Contains the full lesson along with a supporting toolkit, including teachers’ notes.
How do the devices communicate?
In order to communicate, IoT devices have to connect with each other. This is accomplished over some form of network. Up to now a remote device would usually send its data to a data centre for processing. This data centre would be located somewhere in the internet or, as we now refer to it, the cloud. In an IoT scenario the data is often stored and analysed locally, in other words, at the ‘edge’ of the cloud. This is extremely useful in situations that need a rapid local response. For example, if an ambulance is taking a seriously injured accident victim to hospital across a busy town or city, a camera could detect the flashing light on the ambulance and then send messages to the traffic lights in order to ensure that the ambulance has a clear route to its destination.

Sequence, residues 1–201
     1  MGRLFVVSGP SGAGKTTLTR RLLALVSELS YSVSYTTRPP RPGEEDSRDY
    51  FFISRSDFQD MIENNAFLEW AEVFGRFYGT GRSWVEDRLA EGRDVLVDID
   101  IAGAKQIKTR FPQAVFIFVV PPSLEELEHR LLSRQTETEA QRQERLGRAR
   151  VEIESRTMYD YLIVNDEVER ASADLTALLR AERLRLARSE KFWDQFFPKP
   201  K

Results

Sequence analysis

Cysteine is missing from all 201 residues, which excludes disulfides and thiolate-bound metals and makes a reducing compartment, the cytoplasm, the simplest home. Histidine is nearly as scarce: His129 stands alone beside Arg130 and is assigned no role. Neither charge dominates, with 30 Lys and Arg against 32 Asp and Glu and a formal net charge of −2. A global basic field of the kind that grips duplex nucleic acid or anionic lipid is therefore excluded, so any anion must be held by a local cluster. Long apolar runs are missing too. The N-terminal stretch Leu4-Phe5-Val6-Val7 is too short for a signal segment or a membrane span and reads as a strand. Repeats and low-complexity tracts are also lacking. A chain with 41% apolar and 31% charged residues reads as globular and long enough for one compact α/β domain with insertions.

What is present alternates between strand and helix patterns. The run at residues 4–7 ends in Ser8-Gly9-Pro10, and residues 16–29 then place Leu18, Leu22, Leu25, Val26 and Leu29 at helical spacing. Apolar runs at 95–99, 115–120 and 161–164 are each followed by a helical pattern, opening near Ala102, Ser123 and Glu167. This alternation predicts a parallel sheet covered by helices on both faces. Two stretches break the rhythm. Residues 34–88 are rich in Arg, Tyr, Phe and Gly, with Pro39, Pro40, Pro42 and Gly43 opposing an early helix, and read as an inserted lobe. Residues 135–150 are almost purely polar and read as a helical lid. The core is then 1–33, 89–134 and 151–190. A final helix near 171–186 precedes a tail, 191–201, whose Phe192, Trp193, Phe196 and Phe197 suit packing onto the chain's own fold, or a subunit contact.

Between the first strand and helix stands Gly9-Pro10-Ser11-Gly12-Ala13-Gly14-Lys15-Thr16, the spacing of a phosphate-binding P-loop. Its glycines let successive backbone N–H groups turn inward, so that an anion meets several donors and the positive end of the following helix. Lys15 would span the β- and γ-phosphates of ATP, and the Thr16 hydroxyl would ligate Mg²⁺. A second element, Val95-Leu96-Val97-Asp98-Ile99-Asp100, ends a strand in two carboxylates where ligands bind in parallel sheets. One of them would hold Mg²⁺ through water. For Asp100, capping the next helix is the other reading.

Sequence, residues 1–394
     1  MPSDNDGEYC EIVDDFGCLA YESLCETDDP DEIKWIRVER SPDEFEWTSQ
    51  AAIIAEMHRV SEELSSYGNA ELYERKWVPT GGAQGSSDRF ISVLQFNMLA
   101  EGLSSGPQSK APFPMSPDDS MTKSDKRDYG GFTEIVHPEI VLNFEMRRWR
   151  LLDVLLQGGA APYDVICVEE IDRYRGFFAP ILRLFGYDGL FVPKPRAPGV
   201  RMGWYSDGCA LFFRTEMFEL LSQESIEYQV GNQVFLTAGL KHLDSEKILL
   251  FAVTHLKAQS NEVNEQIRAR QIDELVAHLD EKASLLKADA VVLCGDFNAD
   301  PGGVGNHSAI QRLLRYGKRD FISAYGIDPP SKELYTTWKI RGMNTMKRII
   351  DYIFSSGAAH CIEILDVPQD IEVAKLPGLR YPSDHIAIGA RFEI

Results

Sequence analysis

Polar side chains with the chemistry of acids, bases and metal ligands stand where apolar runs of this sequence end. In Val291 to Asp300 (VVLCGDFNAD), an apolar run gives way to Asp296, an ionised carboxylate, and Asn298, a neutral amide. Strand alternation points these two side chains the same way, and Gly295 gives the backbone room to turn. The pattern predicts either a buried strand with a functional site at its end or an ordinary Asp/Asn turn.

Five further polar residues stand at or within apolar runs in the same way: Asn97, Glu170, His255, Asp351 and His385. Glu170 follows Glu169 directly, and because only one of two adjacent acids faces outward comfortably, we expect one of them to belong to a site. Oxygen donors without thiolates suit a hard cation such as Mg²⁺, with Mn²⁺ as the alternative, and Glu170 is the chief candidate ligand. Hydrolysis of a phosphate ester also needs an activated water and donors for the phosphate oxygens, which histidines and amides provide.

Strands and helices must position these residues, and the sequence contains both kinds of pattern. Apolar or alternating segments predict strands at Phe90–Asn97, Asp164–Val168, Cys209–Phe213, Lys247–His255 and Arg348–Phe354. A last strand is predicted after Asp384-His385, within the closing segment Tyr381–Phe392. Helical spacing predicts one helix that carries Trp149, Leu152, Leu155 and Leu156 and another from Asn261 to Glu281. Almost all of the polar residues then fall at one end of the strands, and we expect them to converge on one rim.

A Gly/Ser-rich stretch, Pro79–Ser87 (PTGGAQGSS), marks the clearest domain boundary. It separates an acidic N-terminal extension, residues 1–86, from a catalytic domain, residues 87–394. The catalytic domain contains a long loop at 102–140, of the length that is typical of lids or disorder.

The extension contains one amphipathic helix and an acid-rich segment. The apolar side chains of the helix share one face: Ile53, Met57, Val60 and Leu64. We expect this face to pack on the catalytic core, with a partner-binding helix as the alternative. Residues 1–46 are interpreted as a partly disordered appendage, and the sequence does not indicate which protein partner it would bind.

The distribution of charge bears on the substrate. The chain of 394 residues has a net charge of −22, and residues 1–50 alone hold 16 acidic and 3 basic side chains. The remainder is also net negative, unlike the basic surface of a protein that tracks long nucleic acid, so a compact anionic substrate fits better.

This mode of communicating, storing and processing the data at the edge of the cloud is called fog computing, fog networking or just fogging. As well as being effective, it is also very efficient because it means that a lot of data does not have to be routed through longer internet links where it might be delayed. Delay in a telecommunications link is known as latency and it is easy to imagine how critical a delay could be in the ambulance example above. In order to achieve the required rapid communication, the IoT devices are often interconnected in a mesh network.